“I want to thank you again for the amazing work you’ve done and continue to do to instil possibility and opportunity across Canadian youth. We’re proud to be your partner and to continue RBC’s investment in our collective future – so game on. We know, when young people succeed, we all succeed.”

IDRF: training high achieving students to become certificated tutors

The event also featured participants in the L2L programme, including Kaya Walia, who has been a Program Officer for the last two years and is pursuing a career in medicine. Kaya and several other L2L students and peer mentors spoke about the positive impact that L2L has had on them in advancing their studies and teaching them how to build a career.

Mark Beckles, Vice-President of Social Impact & Innovation in RBC’s Corporate Citizenship department, along with Winston Kassim, IDRF Chair of Global Monitoring, and Nabil Ali, IDRF’s Director of Programmes, also participated in the programme. “Despite the business challenges presented by the pandemic, leaders like Neil McLaughlin are still making it a top priority to help kids at risk, especially in communities that need it most,” says Kassim.

“I want to thank Neil and Mark for taking the time to let our L2L students know that RBC supports them, and that they have reason to be optimistic about their future.”

IDRF’s school-based programme Licensed to Learn (L2L) is an academic support programme that trains high achieving students to become certificated tutors across Canada. Once trained, those students provide free tutoring to their peers struggling academically. By dedicating a minimum of 10 hours of peer-tutoring with an at-risk student the tutors not only provide academic support, but they also develop essential leadership skills and gain valuable experience to support their transition to the workforce and post-secondary education. The peers they support receive mentorship to facilitate their development and future academic and professional success.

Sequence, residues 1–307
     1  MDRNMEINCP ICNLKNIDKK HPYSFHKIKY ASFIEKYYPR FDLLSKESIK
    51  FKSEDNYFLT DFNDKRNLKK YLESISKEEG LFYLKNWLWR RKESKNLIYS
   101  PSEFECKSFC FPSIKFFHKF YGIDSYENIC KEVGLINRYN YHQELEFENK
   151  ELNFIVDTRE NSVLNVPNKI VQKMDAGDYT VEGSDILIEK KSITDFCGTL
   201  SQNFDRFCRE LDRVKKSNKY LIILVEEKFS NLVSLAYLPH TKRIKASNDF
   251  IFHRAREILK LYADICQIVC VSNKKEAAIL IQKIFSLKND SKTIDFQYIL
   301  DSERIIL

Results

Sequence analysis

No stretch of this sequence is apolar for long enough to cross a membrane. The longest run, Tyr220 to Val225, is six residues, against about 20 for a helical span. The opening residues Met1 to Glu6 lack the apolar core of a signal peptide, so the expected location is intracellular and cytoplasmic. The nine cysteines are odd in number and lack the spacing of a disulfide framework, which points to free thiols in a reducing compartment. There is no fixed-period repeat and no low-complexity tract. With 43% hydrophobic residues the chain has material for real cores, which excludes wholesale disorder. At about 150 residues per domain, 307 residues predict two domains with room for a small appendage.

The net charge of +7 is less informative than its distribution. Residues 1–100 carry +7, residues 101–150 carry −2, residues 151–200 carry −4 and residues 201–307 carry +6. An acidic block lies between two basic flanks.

L2L: reaching over 100 schools, helping over 40,000 students

RBC Future Launch is a 10-year, $500m initiative to help young people gain access and opportunity to the skills, job experience and career networks needed for the future world of work. In partnership with RBC’s Future Launch, the L2L programme is now operational at over 100 schools across six school boards. By the end of this year, L2L will have impacted some 40,000 students since its launch in 2002 through academic and social support.

IDRF is a Canadian registered charitable organisation dedicated to empowering disadvantaged people in Canada and around the world. Founded in 1984, IDRF has an enviable reputation as one of Canada’s best-run charities and has been recognised by third-party organisations such as the Financial Post and MoneySense for its effectiveness, efficiency, and results.